Some leukocytes attach firmly, wander through the endothelial surface, diapedese between endothelium, and after that travel through a subendothelial medium using endothelial receptors in a bond tumble [10]. CD18 (β2 integrin) expressed on leukocytes can pair with a number of other integrins (CD11) subunits that can join a multiplicity of legends, including the defy receptors fibrinogen, ICAM-1, -2, and -3; the complement fragment iC3b; and polysaccharides [11]. CD11/CD18 are adhesion receptors that encourage interface of leukocytes with each other [12], with endothelial cells during transmigration [13], and with specific opsonins deposited on invading bacteria and discarded or hypoxic tissues [14].

CD80 and CD86 participate in an important function in immune creation and immune responses of T-helper in a numeral of sickness models and alteration of their appearance can have deep effects on the expansion of immune responses [15]. There are few studies on the surface molecule expression on diabetic monocytes. Therefore, the intend of this work was to hypothesize that the CD11b and CD18 adhesion molecules and co-stimulatory antigen presenting molecules (CD80 and CD86) regulation in diabetic animals might be enhanced by their diets supplementing with separated protein fractions extracted from the protein of camel milk (WP).


Whey protein extraction

Using an IEC Model K centrifuge milk was skimmed at 5,000 g for 20 min (Boston, USA). Skim milk was acidified to pH 4.3 using 1M HCl. By centrifugation the precipitated casein was disinterested, while the WP in the supernatant was saturated with 70% saturated ammonium sulfate and incubated all over the night at 4°C. The precipitated WP was unruffled by centrifugation and dialyzed against distilled water at 4°C for 48 h using a Spectra/Pro® Membrane, MWCO 6,000-8,000 DA. The dialyzates obtained were lyophilized using a Unitop 600SL (Virtis Company, Gardiner, NY 12525, USA) and were kept on -20°C until use. The un-denatured whey proteins in the dialyzate were freeze-dried and cooled until use.

Ethical approval

A Majaheem camel breed obtained from the area of Najd (Alazeria farm; GPS: 300 02 47/ 300 02 27) in SKA was used to obtain camel milk. Accurate permissions were not necessary for activities in this farm. Scarce or sheltered species did not engage in this study. All experimental procedures involving animals were conducted in accordance to the Team for the Purpose of Control and Supervision of Experiments on Animals and the National Institutes of Health and approved by Animal principles group in the Zoology Department in the Faculty of Science at King Saud University.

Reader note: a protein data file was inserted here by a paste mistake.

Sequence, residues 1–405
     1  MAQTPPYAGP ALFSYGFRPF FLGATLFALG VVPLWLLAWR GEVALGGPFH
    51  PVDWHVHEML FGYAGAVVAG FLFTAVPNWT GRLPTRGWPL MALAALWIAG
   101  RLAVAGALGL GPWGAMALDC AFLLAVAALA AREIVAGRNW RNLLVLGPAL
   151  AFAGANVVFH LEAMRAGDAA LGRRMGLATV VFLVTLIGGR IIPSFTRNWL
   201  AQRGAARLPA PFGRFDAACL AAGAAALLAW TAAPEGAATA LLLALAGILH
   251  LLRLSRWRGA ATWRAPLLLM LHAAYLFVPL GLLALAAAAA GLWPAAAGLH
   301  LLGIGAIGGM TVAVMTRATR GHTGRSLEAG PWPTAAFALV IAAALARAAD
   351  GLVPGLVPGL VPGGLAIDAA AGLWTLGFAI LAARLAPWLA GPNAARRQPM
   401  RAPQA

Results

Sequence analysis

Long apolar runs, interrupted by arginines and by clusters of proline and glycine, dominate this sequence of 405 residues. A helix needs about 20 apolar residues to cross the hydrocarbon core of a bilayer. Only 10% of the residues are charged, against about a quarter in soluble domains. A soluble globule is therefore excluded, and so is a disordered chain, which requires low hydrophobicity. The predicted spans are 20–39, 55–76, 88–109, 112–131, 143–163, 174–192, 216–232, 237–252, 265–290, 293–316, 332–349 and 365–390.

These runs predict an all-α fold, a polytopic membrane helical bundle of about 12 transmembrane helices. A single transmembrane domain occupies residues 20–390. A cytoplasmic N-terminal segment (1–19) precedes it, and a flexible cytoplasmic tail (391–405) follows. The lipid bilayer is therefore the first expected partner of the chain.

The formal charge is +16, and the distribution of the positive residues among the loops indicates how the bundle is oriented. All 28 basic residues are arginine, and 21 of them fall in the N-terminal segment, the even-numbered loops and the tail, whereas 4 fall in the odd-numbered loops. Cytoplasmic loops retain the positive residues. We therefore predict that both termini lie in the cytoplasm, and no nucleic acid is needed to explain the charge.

Experimental animals

Diabetes induction was by a single insertion of newly dissolved STZ (60 mg/kg of body weight; Sigma, USA) in a 0.1 Mol/l citrate buffer (pH 4.5) into the peritoneum [16]. Managed animals were injected with citrate buffer. After seven days of STZ insertion, the rats were experienced for levels of serum glucose. Rats with a serum glucose level ≥ 200 mg/dl after 2 h of glucose ingestion were considered diabetic and chosen for further studies.

Animals were appended with WP in the diet as heretofore described [17]. To prepare 500 gm of the diet, 25 gm mineral salts, 5 gm vitamins, 40 gm fats, 50 gm sucrose, 100 gm protein (20% protein) and 280 gm starch were mixed. In both the control and the diabetic groups, casein was the protein source. The un-denatured camel milk WP was the protein supply in the diabetic group treated with WP. The diet was reserved at 4°C until use [18]. Fifteen male rats (3-monthold), weighing 120-150 gm each, were getting from the Central Animal House of the Faculty of Pharmacy at King Saud University. All rats were put in metal cages inside a good airy room for 2 weeks before the experiment. Animals were under ordinary laboratory circumstances (relative humidity was 60%-70%, temperature at 23°C and a 12-h cycle of light/dark) and were nurtured a diet of standard trade pellets and assumed water ad libitum. Animals were classified into three investigational groups (n=5/group): group I was a control group, group II diabetic rat provided for five weeks with distilled water (250 μl/rat/ day) and group III was supplemented with WP (100 mg/kg/ body weight dissolved in 250 μl/day) for five weeks.

Whole blood flow cytometry